The talk in the payments sector about the effectiveness of the EMV liability shift and broader technology rollout is still significant, even more than a year after that change first went into effect. But instead of worrying about why the switch did or didn't work, the good news is that the talk these days is a lot more positive, and focuses around how to improve the EMV payment process for consumers and merchants alike.
One of the biggest reasons for this, of course, is that after a year, the majority of both consumers and larger retailers in particular are on board with EMV, and using it on a regular basis, according to a report from the Payments Journal. One recent study found that about 60 percent of Americans have at least one EMV-enabled card, and more than half of all credit card purchases could be made on EMV this year alone. Already, some 700 million EMV-enabled debit and credit cards have landed in consumers' wallets thanks to major rollout efforts by card issuers.
Some issues still linger
Of course, because some merchants - particularly smaller ones - aren't up on EMV yet either due to their own reticence or difficulties getting through the certification process, questions remain about the efficacy of the liability switch, the report said. For instance, while in-store card fraud has been reduced nationwide, a lot of it has simply shifted to smaller companies that haven't adopted EMV yet.
Further, card-not-present fraud is on the rise for online retailers, has only risen 12 percent as criminals shift their focus, the report said. However, some concerns sprout from how fraudsters are shifting their point of attack, especially because some criminals have potentially found an EMV workaround, and card issuers are scrambling to remediate that issue now.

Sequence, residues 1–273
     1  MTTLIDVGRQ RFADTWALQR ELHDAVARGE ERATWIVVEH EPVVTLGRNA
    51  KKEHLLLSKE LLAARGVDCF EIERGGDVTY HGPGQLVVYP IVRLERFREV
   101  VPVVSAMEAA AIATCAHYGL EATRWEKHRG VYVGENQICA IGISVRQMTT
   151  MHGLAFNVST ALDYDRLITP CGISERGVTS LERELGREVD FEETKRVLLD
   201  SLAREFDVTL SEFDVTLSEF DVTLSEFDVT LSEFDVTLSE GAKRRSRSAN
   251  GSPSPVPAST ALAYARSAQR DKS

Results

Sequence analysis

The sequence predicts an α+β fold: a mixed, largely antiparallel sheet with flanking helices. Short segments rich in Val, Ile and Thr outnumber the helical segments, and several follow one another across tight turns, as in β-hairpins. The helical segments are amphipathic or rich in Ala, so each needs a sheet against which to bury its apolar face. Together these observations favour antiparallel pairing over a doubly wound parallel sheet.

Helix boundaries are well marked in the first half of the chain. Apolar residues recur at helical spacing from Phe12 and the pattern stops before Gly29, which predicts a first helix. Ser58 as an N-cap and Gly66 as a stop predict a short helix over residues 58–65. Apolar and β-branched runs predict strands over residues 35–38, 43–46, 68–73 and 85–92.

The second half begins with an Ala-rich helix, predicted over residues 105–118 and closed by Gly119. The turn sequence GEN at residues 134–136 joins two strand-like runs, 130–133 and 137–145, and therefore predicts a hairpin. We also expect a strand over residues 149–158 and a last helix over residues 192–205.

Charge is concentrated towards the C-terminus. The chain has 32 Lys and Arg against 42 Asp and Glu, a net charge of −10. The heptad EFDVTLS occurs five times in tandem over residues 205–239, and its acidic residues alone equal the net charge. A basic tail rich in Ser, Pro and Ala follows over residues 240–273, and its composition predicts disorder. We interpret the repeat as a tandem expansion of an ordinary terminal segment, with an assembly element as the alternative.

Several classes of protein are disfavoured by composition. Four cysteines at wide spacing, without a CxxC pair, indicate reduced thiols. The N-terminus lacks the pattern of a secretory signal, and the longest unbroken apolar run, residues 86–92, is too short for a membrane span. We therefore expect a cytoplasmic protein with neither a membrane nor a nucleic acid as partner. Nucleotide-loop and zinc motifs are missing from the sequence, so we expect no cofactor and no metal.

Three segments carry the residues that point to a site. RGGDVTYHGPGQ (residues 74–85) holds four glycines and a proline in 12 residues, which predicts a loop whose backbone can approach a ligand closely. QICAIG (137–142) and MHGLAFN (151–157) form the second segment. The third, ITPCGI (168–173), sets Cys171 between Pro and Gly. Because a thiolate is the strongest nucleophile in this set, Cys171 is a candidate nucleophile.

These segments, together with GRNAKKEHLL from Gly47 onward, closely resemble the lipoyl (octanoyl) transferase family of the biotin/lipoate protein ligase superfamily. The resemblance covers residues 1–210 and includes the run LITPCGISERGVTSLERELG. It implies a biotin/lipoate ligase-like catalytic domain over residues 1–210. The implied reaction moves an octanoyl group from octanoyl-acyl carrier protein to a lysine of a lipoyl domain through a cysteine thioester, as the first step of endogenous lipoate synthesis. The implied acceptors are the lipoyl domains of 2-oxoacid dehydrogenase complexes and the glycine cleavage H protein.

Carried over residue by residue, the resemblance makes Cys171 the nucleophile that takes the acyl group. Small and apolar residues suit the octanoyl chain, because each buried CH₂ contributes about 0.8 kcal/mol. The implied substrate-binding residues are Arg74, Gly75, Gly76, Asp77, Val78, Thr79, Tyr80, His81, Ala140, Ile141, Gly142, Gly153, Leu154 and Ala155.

Where do retailers stand?
With this in mind, it's fair to say that the overall security of the payment processing industry won't be sufficiently boosted until the vast majority of businesses large and small are using EMV for the majority of their transactions, according to Payments Source. One recent poll found that nearly half of all businesses, regardless of size, had completed their transition to EMV, and a little fewer than 1 in 4 had also started the process. In all, less than 10 percent of respondents said they were either undecided on getting EMV or simply wouldn't do so. Issues related to the so-called certification bottleneck are certainly holding up the process in some ways, but the good news is that a large and growing number of retailers see taking that step as a bright idea.
That's all a net positive, but certainly more can be done to ensure that businesses are caught up with the certification process. The sooner companies can get into the pool of merchants that adopted but haven't been approved, the sooner they're going to come out the other side and make the payment process more secure for themselves, their customers, and card networks.